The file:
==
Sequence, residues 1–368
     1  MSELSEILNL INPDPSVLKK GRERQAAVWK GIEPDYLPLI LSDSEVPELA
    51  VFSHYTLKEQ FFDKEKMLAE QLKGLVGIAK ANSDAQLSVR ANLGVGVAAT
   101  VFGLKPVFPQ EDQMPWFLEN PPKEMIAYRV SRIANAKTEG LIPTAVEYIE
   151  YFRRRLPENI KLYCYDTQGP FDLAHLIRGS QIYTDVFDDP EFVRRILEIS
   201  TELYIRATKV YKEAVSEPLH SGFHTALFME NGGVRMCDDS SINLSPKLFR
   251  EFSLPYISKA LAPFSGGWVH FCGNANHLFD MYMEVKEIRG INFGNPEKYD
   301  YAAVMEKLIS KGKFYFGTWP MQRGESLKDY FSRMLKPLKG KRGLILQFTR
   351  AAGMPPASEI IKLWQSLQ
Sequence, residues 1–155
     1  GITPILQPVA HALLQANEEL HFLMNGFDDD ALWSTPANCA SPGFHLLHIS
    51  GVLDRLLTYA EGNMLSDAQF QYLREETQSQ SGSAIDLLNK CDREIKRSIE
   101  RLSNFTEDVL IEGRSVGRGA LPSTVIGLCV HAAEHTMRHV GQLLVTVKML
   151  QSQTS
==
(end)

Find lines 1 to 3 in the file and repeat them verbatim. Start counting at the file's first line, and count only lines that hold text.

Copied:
Sequence, residues 1–368
     1  MSELSEILNL INPDPSVLKK GRERQAAVWK GIEPDYLPLI LSDSEVPELA
    51  VFSHYTLKEQ FFDKEKMLAE QLKGLVGIAK ANSDAQLSVR ANLGVGVAAT